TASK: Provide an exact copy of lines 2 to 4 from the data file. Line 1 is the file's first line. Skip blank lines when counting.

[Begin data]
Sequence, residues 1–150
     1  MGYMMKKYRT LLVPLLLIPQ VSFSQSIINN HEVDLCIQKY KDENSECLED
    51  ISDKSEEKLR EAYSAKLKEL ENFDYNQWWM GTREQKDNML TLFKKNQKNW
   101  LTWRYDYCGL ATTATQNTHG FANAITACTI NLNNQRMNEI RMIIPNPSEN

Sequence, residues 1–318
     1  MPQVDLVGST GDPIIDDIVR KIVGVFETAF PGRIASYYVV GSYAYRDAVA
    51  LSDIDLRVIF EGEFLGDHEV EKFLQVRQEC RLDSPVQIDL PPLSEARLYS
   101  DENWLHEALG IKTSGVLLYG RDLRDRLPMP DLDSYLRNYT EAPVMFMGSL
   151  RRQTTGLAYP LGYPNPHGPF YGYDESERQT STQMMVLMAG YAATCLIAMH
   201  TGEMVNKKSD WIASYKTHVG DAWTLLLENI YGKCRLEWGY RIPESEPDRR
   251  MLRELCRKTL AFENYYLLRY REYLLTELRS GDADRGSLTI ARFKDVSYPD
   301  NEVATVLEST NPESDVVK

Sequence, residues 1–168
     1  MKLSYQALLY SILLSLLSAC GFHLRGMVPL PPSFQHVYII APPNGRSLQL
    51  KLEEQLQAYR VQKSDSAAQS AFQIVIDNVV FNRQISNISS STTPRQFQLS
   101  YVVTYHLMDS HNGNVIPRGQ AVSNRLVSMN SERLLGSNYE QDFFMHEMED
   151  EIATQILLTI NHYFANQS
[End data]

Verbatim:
     1  MGYMMKKYRT LLVPLLLIPQ VSFSQSIINN HEVDLCIQKY KDENSECLED
    51  ISDKSEEKLR EAYSAKLKEL ENFDYNQWWM GTREQKDNML TLFKKNQKNW
   101  LTWRYDYCGL ATTATQNTHG FANAITACTI NLNNQRMNEI RMIIPNPSEN